11 January, 2022
I am having such a good time with my new cast iron braiser. Every chance I get, I use it. I’m sure the novelty will wear off eventually, but I’m not 100% certain. It’s so much fun….I’m a kitchen nerd!
It browns things beautifully, it holds heat and spreads it evenly, and it weighs a ton and would, if it could be effectively swung, knock a burglar on his back for the police to come get with no trouble at all. I find it easier to control the heat using cast iron and the heavier pans help me to remember that cooking isn’t always a race. There’s amazing food at the end of a slower cooking process.
Some things are meant to be cooked and finished quick – pasta, for example. Just cook it until it’s al dente. But meat? A lot of the time, meat is so much better after being browned quickly then slowly braised or roasted to bring out all that lovely flavour and tenderness.
So, when I knew I was going to make this, in the wondrous pan, I went to Costco (of course) and picked up a package of pork loin. Turned out, it was a really big package. We always seem to have a lot, lot, LOT of leftovers in this house and we often end up giving them away to family or friends because we’re really slack about using them. I will package them and toss them in the freezer….and forget about them. I also am getting better at making meals that are smaller, however, I am never quite 100% accurate about it and always end up with something left over, however, that left over amount is rarely enough to feed more than one.
That being said, I didn’t want to use the whole package of meat for this meal – too many leftovers, so I used about half the package and canned the rest of the meat. Now I have a few jars of pre-cooked pork, all tender and shredded, just waiting for a night when nobody wants to put much effort into cooking. Pulled pork in 15 minutes sounds amazing some nights, you know?!
- 1-1/2 – 2 lbs pork roast – make it boneless. I used loin, use whatever you have. The more fat, the juicier the meat will be
- half of a large orange – really, all the recipe wants is ½ a cup of orange juice, but I chopped my orange into pieces and tossed them in because some is good, but more is better
- ¼ cup of lime juice
- many cloves of garlic – at least 3, I probably dumped in 6, rough chopped is fine
- 1 small to medium onion, chopped
- 2 TB olive oil
- 1 cup chicken broth
- chili powder
- chili flakes
- I added 2 guajillo peppers all crumbled up, with no seeds or stem
You can do this two ways – you can either put the meat in the pan whole and brown all sides, then slow roast, or you can do like I did and chop into 1 to 2 inch chunks and brown all sides of those. The more brown bits, the better, as far as I’m concerned. Bear in mind that a whole large piece will take longer to cook. Pork is not like beef and rare is not good.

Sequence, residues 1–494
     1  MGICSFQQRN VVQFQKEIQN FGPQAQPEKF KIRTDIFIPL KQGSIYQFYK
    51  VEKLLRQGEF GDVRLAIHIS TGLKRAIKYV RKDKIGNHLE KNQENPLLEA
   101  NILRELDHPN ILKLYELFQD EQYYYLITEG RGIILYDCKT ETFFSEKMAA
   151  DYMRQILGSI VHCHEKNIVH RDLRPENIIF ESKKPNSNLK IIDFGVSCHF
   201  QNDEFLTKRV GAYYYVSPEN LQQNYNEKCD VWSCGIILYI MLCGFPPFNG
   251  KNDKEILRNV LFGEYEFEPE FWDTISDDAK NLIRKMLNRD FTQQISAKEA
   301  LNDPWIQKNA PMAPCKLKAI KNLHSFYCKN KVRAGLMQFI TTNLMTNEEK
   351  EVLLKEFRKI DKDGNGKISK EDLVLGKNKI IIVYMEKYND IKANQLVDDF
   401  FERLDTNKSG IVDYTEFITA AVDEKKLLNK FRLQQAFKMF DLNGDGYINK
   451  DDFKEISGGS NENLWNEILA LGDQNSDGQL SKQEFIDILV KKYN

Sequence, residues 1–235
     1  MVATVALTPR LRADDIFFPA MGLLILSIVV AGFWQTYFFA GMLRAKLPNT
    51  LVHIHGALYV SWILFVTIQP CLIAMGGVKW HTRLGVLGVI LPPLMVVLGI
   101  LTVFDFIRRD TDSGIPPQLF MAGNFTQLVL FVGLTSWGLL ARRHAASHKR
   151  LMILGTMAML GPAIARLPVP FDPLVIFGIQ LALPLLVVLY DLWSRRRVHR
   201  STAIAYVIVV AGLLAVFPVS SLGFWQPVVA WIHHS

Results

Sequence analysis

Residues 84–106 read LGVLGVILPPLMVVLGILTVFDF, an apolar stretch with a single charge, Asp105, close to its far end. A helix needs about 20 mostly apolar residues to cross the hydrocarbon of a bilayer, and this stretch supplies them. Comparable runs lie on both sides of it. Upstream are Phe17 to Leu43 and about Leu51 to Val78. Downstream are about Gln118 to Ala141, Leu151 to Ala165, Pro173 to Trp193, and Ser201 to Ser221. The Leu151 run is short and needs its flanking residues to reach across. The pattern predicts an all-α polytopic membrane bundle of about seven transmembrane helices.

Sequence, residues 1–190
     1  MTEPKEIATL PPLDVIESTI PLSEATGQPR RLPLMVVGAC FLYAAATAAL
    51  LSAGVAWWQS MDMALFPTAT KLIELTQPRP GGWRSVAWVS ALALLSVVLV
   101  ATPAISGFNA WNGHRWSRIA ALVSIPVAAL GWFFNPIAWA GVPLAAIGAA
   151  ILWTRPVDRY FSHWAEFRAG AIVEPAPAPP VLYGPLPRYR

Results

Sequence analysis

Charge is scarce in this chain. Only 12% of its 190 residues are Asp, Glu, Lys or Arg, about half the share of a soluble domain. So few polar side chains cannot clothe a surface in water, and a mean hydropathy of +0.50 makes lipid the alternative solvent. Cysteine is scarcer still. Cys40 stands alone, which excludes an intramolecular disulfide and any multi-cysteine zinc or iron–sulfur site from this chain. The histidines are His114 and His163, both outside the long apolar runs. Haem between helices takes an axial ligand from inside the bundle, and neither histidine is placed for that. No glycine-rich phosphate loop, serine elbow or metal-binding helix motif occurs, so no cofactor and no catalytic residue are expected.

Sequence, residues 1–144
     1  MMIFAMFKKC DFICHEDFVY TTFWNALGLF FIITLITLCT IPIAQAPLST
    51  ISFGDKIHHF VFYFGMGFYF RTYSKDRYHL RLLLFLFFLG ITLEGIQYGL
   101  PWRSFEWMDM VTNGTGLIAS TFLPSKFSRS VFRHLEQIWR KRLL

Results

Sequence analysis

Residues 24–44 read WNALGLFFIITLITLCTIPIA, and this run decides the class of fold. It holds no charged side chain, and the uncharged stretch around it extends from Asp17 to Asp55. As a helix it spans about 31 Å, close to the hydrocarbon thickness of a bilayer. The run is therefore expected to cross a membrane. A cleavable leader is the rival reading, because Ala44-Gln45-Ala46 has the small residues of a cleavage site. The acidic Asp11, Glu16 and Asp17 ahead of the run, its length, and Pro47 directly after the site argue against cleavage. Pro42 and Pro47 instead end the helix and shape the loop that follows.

Whichever way you are doing this, prepare the meat and chop the onion and garlic to have them ready, as well as your orange.
Heat the olive oil in whichever pan you are going to use and brown the meat on all sides. If you’ve chopped the meat, don’t crowd the pan, cook half of the meat at a time, if need be.
Once the meat is browned, take it out and let it sit in time out while you give the onions a turn. Just stir them around until they start to soften. Add the meat back in, then the garlic, the broth, the lime juice and squeeze the orange and then toss the orange pieces into the mix.
Pop into the oven at 300 – 350F with the lid on until the meat is tender. I think I let mine bake for an hour – time flies when you’re drooling every time you go into the kitchen. I did take the lid off for about half the baking time because I wanted the broth to reduce.
When the meat is ready, take out the pan, and add the spices to taste. The catch phrase these days is to “measure with your heart” – absolutely do that. Basically, put some in, mix, and taste. If it needs more, add more. If you don’t like spice, don’t add the chili flakes or the guajillo – if you do, add some chipotle, jalapeno, more chili flakes or more guajillo.
Whenever you are unsure of spice, give the flavours time to bloom. Put some in, mix, let them mingle for a minute or two, then taste. If you are unsure, mix and let mingle again, then taste again. If you’ve got a cast iron belly, go for gold, but if not, take your time. There’s nothing worse than spending the money and time to make an amazing meal only to ruin it at the end by losing patience.
When you’ve got the spices right, cook down the broth if there’s loads (take the meat out to be shredded if you want to do so) or add some flour to make what you have thicker. I cooked mine down and when I added the spices, they took up the rest of the liquid.
In theory, you are supposed to fry the carnitas when you are done so there are crispy bits of meat throughout. I don’t actually like it this way and honestly, I was too darned impatient to do this at the end, anyway. I wanted to eat!
Serve in taco shells, wraps, on rice, with rice, with some bread – however you like. Don’t forget to take out the chunks of orange peel!